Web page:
Department Chair (August 1, 2019), Professor
My research focusses on national level politics in the United States -- political parties in Congress, the presidency, and elections. I have written about the strategic decisions political parties must make to balance electoral and legislative goals. I also study research methodology and time series analysis including micro-targeting and election forecasting. Additional interests are in British politics and Scottish independence.
Current Research Projects
I am currently working on projects on redistricting in the United States and several papers on time series methodology in the social sciences.
- 2017: Gregory Koger and Matthew Lebo. Strategic Party Government: Why Winning Trumps Ideology. University of Chicago Press.
Refereed Journal Articles
- Forthcoming. Clayton Webb, Suzanna Linn, and Matthew Lebo. “Beyond the Unit Root Question: Drawing Inferences about Long Run Relationships Given Uncertain Univariate Dynamics.” American Journal of Political Science.
- 2019: Donovan, Kathleen, Ellen M. Key, Paul M. Kellstedt, and Matthew Lebo. “Motivated Reasoning, Public Opinion, and Presidential Approval.” Political Behavior.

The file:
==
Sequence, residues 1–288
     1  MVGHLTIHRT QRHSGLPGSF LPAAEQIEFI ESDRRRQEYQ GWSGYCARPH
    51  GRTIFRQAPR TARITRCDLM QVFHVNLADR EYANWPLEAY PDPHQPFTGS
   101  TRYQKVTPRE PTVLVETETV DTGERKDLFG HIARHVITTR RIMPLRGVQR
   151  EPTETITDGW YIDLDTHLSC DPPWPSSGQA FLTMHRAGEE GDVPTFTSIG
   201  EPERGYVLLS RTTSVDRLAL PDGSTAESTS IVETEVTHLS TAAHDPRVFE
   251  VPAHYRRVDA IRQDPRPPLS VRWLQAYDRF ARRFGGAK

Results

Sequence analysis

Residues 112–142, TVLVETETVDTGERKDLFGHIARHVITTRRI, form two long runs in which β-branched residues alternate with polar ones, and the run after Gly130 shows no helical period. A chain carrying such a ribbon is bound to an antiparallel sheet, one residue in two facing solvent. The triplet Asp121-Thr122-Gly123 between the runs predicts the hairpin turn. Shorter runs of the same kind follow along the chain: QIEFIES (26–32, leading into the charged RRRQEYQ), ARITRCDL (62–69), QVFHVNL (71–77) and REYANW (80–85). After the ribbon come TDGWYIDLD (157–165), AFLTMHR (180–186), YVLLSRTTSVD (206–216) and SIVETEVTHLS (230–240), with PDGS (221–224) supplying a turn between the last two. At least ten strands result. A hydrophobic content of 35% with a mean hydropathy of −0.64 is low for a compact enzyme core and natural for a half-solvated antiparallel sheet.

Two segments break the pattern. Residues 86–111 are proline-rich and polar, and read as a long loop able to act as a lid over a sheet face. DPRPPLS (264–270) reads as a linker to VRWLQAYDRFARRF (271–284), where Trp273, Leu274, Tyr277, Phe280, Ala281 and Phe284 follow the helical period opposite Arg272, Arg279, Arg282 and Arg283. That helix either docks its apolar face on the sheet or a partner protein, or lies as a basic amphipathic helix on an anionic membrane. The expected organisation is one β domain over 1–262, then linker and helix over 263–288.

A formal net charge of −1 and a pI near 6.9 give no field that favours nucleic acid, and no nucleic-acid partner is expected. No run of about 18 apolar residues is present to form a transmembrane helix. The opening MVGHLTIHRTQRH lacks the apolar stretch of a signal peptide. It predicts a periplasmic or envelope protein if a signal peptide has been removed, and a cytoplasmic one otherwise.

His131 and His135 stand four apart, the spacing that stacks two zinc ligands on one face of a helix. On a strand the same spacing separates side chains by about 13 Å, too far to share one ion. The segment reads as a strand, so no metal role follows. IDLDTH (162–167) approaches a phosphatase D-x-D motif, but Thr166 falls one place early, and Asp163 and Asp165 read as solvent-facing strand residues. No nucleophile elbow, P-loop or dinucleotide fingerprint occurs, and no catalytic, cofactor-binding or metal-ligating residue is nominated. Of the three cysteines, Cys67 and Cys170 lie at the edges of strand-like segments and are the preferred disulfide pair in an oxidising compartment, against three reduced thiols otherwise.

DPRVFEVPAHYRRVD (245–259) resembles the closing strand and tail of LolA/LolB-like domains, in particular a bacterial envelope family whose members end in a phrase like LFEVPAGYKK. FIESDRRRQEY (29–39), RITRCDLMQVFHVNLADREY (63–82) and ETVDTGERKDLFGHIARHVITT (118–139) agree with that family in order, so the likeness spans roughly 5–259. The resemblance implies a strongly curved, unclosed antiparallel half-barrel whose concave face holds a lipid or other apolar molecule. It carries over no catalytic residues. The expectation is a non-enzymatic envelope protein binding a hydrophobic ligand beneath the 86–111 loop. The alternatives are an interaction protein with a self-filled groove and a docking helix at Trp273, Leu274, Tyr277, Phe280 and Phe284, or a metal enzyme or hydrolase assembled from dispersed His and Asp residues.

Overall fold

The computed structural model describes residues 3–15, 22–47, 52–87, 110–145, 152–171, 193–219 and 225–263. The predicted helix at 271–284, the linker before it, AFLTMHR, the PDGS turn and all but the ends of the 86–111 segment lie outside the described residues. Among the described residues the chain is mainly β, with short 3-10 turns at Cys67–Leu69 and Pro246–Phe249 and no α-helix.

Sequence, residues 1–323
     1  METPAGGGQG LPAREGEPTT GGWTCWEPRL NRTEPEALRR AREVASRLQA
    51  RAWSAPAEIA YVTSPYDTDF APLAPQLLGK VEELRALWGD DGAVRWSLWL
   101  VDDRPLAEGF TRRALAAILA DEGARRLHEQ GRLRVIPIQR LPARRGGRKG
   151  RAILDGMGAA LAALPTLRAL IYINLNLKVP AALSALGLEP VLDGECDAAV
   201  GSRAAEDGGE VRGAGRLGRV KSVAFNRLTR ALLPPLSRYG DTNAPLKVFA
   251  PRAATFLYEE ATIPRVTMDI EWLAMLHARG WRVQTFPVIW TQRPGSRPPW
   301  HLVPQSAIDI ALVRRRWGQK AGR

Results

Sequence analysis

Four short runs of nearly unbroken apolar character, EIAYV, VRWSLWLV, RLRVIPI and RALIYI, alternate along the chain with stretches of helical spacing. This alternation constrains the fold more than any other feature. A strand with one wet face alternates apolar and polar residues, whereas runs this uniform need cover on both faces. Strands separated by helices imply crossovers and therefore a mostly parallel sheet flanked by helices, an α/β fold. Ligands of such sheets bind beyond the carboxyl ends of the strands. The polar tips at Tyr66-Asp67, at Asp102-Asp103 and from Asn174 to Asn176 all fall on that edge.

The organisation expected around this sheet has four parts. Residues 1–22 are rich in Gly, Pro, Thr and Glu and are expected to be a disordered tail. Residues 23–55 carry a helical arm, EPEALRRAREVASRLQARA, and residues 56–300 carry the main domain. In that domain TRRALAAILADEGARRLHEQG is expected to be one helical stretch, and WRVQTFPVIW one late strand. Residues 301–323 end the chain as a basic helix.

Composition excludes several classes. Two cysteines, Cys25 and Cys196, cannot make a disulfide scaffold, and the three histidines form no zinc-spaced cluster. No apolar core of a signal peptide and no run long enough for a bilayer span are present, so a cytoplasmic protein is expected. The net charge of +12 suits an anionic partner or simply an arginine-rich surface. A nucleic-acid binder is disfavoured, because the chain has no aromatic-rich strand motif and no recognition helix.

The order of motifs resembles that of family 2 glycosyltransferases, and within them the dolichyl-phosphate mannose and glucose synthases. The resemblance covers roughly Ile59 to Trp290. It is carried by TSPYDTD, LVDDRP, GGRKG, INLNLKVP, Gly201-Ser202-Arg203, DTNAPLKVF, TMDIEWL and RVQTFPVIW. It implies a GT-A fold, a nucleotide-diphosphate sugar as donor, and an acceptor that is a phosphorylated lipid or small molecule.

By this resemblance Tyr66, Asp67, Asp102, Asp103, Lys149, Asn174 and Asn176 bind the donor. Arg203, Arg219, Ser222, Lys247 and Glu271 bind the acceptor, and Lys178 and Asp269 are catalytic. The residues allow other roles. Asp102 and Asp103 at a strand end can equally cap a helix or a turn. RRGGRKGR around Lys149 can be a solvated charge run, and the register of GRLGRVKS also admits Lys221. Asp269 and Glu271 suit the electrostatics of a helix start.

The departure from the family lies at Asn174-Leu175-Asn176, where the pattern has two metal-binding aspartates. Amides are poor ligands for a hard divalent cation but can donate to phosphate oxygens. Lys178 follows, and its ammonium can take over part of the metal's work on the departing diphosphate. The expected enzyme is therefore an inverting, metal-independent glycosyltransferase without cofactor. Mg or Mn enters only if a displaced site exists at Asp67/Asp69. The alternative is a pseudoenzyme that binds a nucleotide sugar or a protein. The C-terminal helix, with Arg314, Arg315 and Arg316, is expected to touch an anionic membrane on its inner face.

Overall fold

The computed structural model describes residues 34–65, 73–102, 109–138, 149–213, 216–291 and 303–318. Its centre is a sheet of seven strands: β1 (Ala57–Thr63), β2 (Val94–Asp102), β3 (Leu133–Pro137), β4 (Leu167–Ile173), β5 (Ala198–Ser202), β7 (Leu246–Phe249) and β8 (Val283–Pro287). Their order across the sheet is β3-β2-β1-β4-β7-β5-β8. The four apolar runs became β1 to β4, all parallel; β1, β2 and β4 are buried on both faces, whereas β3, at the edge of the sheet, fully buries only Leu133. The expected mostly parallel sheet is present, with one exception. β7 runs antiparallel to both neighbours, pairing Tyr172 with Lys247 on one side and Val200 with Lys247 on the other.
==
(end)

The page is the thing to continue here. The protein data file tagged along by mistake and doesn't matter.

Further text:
- 2019: Clayton Webb, Suzanna Linn, and Matthew Lebo. “A Bounds Approach to Inference using the Long Run Multiplier.” Political Analysis.
- 2017: Matthew Lebo and Patrick Kraft. “The General Error Correction Model in Practice.” Research and Politics.
2016: Matthew Lebo. “Managing Your Research Pipeline.” PS: Political Science and Politics.
- 2016: Matthew Lebo and Taylor Grant. “Equation Balance and Dynamic Political Modeling.” Political Analysis 24(1).
- 2016: Taylor Grant and Matthew Lebo. “Error Correction Methods with Political Time Series.” Political Analysis 24(1).
- 2016: Matthew Lebo and Helmut Norpoth. “Victory without Power: the PM-Pendulum Model and a 2015 British Election Forecast.” Electoral Studies 41.
- 2015: Matthew Lebo and Chris Weber. “An Effective Approach to the Rolling Cross Sectional Design.” American Journal of Political Science 59(1).
- 2012: Matthew Lebo and Helmut Norpoth. “Forecasting British Elections: The ‘PM and the Pendulum’ Model Reconsidered.” Journal of Elections, Public Opinion, and Parties 23(1).